How The Survivor Tree from 9/11 Lives On (Learn More, Multi-Video)

As the dust began to settle on lower Manhattan, and rescue and recovery workers made their way through the rubble, they came upon a tree.

Although this tree had snapped roots and burned branches, it was alive — it had survived.

This one tree, survived the World Trade Center attacks.

Barely alive, it endured following years of off-site intensive care and rehabilitation by The New York Parks Department.

The pear tree became known as the “Survivor Tree” after enduring the September 11, 2001 terror attacks at the World Trade Center.

It soon became a symbol of our nation’s enduring optimism and unbreakable spirit after the 9/11 attacks.

(The Survivor Tree, a callery pear, was pulled from the smoldering rubble of the World Trade Center site after the 2001 attacks and has grown to become a living reminder of the nation’s shared strength and resiliency. See a story about its remarkable journey of survival and rebirth. Courtesy of 9/11 Memorial & Museum and YouTube. Posted on May 24, 2013)

Recovery workers recognized the beauty of this tree’s fight for life and it was transported to the New York City Department of Parks and Recreation.

After several years of healing and rehabilitation, the Callery pear tree — now known as the Survivor Tree — returned to the 9/11 Memorial.

The Survivor Tree
The Survivor Tree

New, smooth limbs extended from the gnarled stumps, creating a visible demarcation between the tree’s past and present.

During the tree’s rehabilitation, tree scientists at Bartlett collected seeds and propagated 450 descendants of the original tree.

The 9/11 Memorial & Museum began a tradition of giving seedlings from the Survivor Tree each year to communities around the world that have endured violence and disaster in the hope of sharing with them its spirit of strength and resilience.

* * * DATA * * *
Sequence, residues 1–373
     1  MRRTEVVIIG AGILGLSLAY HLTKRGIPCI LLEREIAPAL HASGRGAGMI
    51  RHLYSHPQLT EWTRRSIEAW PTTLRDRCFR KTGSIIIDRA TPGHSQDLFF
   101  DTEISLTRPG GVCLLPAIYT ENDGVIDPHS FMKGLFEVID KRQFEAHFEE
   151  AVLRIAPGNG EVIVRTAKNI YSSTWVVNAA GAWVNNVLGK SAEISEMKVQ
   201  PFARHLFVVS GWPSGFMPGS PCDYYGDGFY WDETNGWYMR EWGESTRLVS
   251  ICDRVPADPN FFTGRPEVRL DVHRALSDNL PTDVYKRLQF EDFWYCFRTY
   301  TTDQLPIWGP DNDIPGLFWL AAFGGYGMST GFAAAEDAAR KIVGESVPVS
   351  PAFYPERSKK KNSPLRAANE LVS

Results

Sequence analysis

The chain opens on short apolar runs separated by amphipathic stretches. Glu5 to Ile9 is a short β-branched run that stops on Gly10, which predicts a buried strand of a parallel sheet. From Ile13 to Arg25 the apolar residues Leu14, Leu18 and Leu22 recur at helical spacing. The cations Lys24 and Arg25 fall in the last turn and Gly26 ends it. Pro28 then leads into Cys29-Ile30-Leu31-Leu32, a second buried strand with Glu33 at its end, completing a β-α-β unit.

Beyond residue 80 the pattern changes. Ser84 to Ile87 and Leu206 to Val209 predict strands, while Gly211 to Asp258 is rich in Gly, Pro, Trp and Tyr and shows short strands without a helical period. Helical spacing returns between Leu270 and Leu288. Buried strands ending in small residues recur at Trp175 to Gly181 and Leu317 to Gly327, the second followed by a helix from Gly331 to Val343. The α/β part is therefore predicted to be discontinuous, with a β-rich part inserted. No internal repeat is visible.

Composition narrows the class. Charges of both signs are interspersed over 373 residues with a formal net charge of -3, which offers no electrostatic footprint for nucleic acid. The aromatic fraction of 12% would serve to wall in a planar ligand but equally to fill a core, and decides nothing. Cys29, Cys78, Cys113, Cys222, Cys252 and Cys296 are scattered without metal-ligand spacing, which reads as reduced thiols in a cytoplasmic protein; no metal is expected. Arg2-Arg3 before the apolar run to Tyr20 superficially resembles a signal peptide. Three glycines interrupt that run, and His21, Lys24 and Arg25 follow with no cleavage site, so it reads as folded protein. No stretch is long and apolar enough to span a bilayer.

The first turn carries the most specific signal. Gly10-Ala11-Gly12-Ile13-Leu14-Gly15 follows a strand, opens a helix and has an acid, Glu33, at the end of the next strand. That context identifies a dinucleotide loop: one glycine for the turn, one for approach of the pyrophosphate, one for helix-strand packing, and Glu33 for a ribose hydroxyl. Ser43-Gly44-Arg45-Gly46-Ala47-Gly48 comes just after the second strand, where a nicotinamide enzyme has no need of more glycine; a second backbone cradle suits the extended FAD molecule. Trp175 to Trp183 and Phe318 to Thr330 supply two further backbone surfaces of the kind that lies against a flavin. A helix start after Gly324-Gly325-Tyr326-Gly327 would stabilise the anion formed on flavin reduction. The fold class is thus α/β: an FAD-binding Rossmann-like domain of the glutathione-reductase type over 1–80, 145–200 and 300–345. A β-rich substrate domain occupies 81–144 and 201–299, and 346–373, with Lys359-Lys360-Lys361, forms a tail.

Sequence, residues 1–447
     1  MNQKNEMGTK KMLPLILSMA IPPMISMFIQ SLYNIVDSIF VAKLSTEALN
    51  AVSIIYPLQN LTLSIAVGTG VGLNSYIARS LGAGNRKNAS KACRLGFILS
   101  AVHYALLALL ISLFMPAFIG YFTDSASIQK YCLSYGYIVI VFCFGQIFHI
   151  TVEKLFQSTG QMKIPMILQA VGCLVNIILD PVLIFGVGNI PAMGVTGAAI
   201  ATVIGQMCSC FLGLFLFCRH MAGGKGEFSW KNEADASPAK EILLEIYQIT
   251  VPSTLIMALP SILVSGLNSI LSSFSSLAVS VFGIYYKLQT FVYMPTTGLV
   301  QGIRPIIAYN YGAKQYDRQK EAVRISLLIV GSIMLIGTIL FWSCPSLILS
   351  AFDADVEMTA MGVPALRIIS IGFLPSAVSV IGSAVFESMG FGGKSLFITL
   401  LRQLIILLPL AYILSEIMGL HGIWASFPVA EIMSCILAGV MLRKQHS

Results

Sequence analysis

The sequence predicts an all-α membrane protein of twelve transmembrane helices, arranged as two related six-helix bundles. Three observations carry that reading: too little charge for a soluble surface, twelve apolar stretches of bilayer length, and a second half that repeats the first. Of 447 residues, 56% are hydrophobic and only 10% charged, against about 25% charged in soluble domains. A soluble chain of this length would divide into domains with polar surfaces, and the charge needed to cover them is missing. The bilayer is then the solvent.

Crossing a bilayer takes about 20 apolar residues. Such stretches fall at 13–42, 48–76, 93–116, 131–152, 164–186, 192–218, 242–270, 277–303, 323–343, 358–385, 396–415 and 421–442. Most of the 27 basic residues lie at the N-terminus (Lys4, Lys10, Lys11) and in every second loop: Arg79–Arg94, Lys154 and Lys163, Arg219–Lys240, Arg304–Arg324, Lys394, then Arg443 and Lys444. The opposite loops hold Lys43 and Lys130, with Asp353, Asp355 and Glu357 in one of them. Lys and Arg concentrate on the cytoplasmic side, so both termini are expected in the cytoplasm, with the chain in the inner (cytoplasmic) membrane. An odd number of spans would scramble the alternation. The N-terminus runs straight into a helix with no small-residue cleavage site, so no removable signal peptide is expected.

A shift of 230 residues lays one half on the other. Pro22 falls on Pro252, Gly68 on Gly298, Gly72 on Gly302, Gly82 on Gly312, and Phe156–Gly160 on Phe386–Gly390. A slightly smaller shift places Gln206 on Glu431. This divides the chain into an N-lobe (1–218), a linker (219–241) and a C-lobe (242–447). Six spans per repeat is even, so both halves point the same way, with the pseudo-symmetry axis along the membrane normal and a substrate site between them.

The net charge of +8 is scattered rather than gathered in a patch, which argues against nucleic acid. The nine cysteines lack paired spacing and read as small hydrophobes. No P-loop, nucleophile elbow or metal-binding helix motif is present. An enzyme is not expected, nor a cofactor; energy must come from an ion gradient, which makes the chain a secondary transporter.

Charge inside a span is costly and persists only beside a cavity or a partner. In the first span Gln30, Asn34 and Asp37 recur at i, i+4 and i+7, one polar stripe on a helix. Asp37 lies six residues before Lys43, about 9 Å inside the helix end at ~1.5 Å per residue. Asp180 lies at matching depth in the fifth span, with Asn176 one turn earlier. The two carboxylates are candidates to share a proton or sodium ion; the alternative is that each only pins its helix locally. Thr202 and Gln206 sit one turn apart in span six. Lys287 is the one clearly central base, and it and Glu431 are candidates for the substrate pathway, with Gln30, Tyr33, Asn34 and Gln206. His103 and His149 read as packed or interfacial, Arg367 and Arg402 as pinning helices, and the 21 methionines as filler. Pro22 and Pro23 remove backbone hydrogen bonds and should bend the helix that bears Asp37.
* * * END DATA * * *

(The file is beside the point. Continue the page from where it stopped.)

As part of the Survivor Tree Seedling Program, each year saplings are conveyed in September to communities affected by tragedy.

As with the Survivor Tree, the saplings will provide an inspirational landmark for these communities, in the spirit of hope and resiliency.

(When the World Trade Center fell on September 11, 2001, one tree survived through the wreckage and was given the name “The Survivor Tree.” From the seeds of this survivor come 450 descendants. This is the story of these trees and their caretakers. Courtesy of the Bartlett Tree Experts and YouTube. Posted on Sep 11, 2013)

For example, a special inaugural presentation at Citi Field preceding the September 11 New York Mets, Washington Nationals game, a sapling donation ceremony was held.

Participants included the 9/11 Memorial amongst others, and those receiving on behalf of the following communities that suffered tragedies that year:

  1. The City of Boston: in honor of the three killed and many injured in the Boston Marathon bombings on April 15, 2013.
  2. Far Rockaways, NY: for the devastation sustained from Superstorm Sandy in 2012.
  3. Prescott, Arizona: in honor of the fallen members of the Granite Mountain Hotshots, an elite firefighting squad that lost 19 men on June 30, 2013.

The Survivor Tree embodies our nation’s spirit of hope and healing, strength and resilience in the wake of the 9/11 attacks.

Each year, the 9/11 Memorial gives seedlings from the Survivor Tree to three communities that have endured tragedy in recent years.

The Survivor Tree seedling program was launched on September 11, 2013, in partnership with Bartlett Tree Experts, of Stamford, Conn., and John Bowne High School in the Flushing neighborhood of Queens.

(Alice Martin, who lost her husband on September 11, 2001, gets a private tour of the memorial site and learns the story of the Survivor Tree. Courtesy of the History Channel and YouTube. Posted on Sep 9, 2012)

Today, the tree stands on the Memorial plaza as a symbol of hope and healing.

(It was the last living thing rescued from the ruins of 9/11. A dozen years later, one mythical pear tree is finally home, and branching out from Ground Zero in mystical ways. Courtesy of Narratively and YouTube. Posted on Jun 24, 2014)

Content and images courtesy of the 9/11 Memorial & Museum